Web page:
2014 - Volume #38, Issue #6, Page #44[ Sample Stories From This Issue | List of All Stories In This Issue | Print this story | Read this issue]
Ear Of Corn Boosts Seed Business
The inside frame is four sections of concrete reinforcing mesh. The top of the jugs fit perfectly inside the squares. Erickson cut holes in the sides of the jugs and wove fencing wire through them and the mesh. To maintain the ear’s round shape, he cut round pieces of 1-in. foam board to place on the ends and between each of his four wire mesh sections. He bent the mesh to shape the ends and spray painted the kernels yellow.
“There’s not much weight, but it’s strong,” Erickson says.
And it’s popular at parades, where Erickson throws out bags of “Norwegian Sweet Corn” (candy corn) with his business cards.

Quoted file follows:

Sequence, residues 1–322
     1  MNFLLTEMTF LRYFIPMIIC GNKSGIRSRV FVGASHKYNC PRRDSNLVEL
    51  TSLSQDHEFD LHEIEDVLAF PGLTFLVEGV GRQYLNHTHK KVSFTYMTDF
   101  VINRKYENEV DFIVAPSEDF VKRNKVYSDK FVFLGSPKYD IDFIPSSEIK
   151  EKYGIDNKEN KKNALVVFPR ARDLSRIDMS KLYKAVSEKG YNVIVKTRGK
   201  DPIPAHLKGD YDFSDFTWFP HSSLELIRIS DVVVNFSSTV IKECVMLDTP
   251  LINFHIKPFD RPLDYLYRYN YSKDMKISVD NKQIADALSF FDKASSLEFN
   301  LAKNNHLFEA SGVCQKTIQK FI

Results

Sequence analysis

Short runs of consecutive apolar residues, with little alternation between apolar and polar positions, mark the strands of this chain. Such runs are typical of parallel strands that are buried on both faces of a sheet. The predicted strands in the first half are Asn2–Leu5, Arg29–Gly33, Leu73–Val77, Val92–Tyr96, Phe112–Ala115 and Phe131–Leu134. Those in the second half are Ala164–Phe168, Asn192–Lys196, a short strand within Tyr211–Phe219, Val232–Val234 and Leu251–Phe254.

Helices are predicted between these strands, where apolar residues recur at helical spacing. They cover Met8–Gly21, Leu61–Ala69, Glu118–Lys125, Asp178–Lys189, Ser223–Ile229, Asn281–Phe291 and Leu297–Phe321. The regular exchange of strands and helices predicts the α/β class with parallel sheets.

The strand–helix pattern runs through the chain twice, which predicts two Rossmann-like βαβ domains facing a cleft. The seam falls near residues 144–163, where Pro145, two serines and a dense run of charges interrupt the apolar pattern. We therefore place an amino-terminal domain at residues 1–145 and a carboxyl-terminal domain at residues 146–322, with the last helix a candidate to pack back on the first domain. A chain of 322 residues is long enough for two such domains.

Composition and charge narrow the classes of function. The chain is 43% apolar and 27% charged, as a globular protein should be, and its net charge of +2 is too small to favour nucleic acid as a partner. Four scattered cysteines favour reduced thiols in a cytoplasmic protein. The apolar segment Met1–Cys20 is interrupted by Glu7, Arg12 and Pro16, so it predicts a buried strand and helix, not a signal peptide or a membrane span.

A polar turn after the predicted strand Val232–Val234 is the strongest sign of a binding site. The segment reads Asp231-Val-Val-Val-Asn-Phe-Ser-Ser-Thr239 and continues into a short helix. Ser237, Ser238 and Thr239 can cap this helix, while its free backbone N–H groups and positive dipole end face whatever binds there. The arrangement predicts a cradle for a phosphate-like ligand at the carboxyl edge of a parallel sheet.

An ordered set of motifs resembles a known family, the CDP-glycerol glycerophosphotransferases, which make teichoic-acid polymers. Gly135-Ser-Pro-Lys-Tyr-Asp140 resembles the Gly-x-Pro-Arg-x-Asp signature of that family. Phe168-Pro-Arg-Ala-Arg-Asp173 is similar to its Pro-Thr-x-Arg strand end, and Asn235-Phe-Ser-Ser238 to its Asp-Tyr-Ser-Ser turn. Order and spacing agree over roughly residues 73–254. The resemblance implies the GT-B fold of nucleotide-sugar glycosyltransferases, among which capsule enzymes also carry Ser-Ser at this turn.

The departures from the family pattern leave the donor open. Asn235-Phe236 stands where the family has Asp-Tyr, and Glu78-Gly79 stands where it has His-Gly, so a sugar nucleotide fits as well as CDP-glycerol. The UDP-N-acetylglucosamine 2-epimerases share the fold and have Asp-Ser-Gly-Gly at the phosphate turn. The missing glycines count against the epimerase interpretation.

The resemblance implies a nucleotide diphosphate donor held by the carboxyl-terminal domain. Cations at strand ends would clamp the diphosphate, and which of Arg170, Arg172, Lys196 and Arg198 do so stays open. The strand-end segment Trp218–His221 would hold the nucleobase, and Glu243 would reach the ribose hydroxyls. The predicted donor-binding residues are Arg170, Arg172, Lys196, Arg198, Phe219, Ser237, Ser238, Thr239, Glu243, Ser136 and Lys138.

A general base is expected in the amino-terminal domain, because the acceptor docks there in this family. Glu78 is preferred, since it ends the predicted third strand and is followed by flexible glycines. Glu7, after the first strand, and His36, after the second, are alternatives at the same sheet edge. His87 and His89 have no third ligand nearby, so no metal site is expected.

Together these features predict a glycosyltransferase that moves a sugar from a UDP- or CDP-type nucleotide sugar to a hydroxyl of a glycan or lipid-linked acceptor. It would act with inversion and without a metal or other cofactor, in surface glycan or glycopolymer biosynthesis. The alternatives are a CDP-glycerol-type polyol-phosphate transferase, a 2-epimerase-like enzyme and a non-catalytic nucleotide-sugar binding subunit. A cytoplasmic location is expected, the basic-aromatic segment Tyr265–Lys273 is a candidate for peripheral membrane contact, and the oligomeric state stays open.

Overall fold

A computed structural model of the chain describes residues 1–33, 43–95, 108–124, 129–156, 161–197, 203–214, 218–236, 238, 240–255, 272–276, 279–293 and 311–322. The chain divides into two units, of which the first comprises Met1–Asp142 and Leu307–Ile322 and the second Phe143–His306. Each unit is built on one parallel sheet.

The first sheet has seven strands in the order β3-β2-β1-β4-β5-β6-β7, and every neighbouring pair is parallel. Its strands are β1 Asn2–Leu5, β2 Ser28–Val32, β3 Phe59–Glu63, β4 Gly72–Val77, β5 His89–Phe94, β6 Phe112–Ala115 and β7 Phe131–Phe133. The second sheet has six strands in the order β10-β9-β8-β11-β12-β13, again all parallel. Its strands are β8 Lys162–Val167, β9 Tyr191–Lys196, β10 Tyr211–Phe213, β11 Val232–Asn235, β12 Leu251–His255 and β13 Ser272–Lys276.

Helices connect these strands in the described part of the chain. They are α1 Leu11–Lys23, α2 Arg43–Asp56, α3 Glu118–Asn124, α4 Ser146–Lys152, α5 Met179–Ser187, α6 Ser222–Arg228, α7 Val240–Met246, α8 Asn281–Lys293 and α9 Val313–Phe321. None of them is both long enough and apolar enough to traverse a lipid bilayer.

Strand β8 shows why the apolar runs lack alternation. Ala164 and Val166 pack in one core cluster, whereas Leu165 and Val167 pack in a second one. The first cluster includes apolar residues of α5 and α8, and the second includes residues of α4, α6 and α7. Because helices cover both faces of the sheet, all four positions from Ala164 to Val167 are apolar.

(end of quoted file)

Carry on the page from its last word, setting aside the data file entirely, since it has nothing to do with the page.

Since he built his ear of corn 10 years ago, he’s made two more. One for a town that holds a corn festival and one for Richard Kastning, also a Pioneer seed dealer.
“It fits my work, and we have different signs that we mount. Others have borrowed it as well,” Kastning says.
A blacksmith painted the corn and built a saddle out of a calf hutch wire frame to hold it on a running gear trailer. When not in a parade, Kastning parks it in his yard with old John Deere equipment.
Erickson leaves his ear of corn out year round. He maintains it by blowing off loose paint and repainting it annually; so far the jugs are holding up well.
Contact: FARM SHOW Followup, Bob Erickson, 200 High Echo Lane, Westby, Wis. 54667 (ph 608 632-0834; firstname.lastname@example.org) or Richard Kastning, N9657 Highway 151, Malone, Wis. 53049 (ph 920 795-4745; email@example.com).
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